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All hands must be on deck to develop Ijebu-Jesa


Moses Olufemi Agunsoye, the Elegboro of Ijebu-Jesa

— His Royal Majesty Moses Olufemi Agunsoye, Abikehin Ekun, Agunsoye II, The Elegboro Of Ijebu-Jesa

When Oba Taiwo Aribisala, Ajigiteri II, who was the 23rd Oba of Ijebu-Jesa joined his ancestors sometime in March this year, six princes from the town’s ruling homes were thrown up to ascend the throne.

Among the princes was a 60-year-old engineer, who was then in the service of Federal Ministry of Industries, Trade and Investment at the Industrial Inspectorate Department. He was the zonal coordinator of five states, including Jos, Edo and Oyo, among others. It was from Ibadan that he covered four other states before retirement. Against all odds, he was finally nominated to become the 24th Oba of Ijebu-Ijesa. What happened? How did he beat the other princes, who are more formidable financially?

These were the questions many asked. On November 7, 2017, the entire Ijebu-Jesa town, as well as all adjoining villages was thrown into festive mood, as traditional drummers and singers led Osun State Government officials and visitors to the coronation venue of Oba Moses Olufemi Agunsoye, Abikehin Ekun, Agunsoye II as the Elegboro of Ijebu-Jesa. After presentation of staff of office by Mr. Olubisi Samuel Odewumi, Special Adviser to Osun Governor, Rauf Aregbesola on Local Government and Chieftaincy Affairs, Palace Watch had an interview with Oba Agunsoye.


What was the magic that assisted in your emergence as king?
There was no special magic. We had the Iwarafa kingmakers. Six of us contested the throne, but all of us can’t be kings at the same time. The mantle has fallen on me, and life goes on.

My second take on the matter is that, it is good to have money, but in the true sense of it, money is not everything in life. The way and manner the good people of Ijebu-Jesa clamoured and ensured that I ascended this throne of my forefathers is a true testimony to the fact that good name and integrity are much better than riches.

First, I went into the race because it is my birthright to do so. I was born into a royal family, and it is only God that determines the end of an individual’s life. I just retired in January this year from the civil service at the age of 60. I honestly didn’t know that God had another plan for me to continue my service for my people. We thank God. My ascension to the throne is a continuation of my service to humanity.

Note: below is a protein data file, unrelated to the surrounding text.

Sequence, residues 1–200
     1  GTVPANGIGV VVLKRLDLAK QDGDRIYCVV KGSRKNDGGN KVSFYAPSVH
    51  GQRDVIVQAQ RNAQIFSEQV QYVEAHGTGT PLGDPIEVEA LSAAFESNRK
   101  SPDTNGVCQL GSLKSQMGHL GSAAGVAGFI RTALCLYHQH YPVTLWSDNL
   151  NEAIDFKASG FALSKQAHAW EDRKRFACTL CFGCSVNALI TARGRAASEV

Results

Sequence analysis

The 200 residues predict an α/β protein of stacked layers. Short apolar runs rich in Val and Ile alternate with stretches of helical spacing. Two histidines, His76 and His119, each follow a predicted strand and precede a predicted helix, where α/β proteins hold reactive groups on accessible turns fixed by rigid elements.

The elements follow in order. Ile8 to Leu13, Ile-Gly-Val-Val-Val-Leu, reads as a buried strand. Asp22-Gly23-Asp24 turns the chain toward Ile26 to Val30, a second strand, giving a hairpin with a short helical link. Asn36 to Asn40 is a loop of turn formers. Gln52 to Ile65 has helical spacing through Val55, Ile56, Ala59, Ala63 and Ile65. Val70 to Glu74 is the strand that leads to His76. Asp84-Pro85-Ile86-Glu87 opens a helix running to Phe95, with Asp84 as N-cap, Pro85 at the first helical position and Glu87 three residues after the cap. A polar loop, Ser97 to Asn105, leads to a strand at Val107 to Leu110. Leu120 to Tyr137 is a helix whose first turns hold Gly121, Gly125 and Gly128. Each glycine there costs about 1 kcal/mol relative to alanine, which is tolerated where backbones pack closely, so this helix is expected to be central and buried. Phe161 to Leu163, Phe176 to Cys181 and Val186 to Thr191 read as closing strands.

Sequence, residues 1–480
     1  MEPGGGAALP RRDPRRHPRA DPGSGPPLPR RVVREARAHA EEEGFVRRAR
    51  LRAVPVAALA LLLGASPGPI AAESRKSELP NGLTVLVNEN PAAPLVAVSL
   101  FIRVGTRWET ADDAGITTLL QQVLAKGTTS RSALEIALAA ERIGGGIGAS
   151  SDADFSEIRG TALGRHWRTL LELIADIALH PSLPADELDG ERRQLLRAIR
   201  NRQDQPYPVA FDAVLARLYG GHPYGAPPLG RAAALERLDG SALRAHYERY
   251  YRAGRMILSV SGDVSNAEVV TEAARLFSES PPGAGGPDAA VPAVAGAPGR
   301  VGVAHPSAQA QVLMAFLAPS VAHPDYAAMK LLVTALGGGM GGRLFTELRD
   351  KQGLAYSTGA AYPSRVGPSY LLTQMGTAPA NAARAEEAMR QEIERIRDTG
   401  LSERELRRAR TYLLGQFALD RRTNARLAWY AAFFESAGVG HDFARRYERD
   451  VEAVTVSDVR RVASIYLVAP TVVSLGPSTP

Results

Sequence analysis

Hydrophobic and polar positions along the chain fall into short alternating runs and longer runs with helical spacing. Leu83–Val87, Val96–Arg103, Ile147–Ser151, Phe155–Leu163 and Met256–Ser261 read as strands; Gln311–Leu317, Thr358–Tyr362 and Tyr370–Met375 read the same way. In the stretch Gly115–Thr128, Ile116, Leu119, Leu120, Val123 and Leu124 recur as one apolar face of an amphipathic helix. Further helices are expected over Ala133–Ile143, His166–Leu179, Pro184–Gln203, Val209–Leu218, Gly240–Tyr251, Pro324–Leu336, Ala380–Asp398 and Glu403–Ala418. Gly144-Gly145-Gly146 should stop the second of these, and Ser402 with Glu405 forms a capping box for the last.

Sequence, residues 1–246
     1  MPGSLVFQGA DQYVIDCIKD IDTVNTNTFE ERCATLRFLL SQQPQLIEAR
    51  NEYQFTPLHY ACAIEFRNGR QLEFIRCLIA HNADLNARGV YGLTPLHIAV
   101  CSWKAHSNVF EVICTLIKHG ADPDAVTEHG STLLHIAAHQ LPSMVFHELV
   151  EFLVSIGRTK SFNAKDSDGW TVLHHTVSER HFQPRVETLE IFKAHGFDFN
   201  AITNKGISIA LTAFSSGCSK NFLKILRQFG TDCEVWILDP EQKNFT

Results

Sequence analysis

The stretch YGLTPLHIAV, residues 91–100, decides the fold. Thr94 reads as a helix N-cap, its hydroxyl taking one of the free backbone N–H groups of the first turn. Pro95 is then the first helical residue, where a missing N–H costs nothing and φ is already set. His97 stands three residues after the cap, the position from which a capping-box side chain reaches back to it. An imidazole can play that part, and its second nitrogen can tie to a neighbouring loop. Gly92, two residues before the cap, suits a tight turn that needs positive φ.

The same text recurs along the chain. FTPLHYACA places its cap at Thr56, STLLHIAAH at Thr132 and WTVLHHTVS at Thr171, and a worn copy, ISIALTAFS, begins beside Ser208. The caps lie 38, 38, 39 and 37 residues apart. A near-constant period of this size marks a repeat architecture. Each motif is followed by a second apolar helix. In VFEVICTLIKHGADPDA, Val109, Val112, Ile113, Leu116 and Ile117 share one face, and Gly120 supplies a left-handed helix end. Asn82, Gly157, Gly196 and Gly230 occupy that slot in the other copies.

The majority of people who clamoured that I became their king are ready and willing to assist me to make a huge success of it. Everyone around here knows this fact. So, my being a king today is not an individual effort, but a collective one. The communities are solidly behind me, especially the elites. They all said, since you are now on the throne, we are all ready to come and help develop Ijebu-Jesa. With this I have no fear at all that I have a lot of people who will guide, support and do all within their powers to develop Ijebu-Jesa during my reign.

As you can see, I am not a millionaire. My not being a rich man was one of the things they used to campaign against me during the contest for this crown. They said I was just a civil servant who might not be able to cope financially with the situation on ground in Ijebu-Jesa. Immediately I ascended the throne, I made it very clear to all concerned that Ijebu-Jesa’s development should not be seen and taken as an individual effort. We must, therefore, work collectively to develop this place. Even the only thing that billionaires and businessmen and women talk or think about is how to make profits. But it was communal efforts that brought me to this throne. So now, I have a lot of people supporting me who are not looking for profit, but how to contribute meaningfully to the development of our place. This is what I call service.

The development we are talking about comes in two ways: Individuals and government. The government aspect has to do with communal roads and hospitals, which concern the local government. Both local and state governments are needed in the area of labour, job creation and employment. All these go with other practical developments.